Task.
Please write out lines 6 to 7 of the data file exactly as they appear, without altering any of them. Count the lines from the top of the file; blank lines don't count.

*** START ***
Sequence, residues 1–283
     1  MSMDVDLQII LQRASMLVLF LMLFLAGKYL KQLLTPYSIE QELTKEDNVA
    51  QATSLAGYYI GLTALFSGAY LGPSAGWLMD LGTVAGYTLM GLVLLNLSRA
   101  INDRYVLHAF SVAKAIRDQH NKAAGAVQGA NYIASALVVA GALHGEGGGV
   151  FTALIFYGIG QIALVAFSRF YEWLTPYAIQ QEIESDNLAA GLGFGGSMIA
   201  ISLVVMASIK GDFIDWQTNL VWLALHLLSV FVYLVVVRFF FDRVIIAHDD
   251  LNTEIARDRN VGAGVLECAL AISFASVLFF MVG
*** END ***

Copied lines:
   201  ISLVVMASIK GDFIDWQTNL VWLALHLLSV FVYLVVVRFF FDRVIIAHDD
   251  LNTEIARDRN VGAGVLECAL AISFASVLFF MVG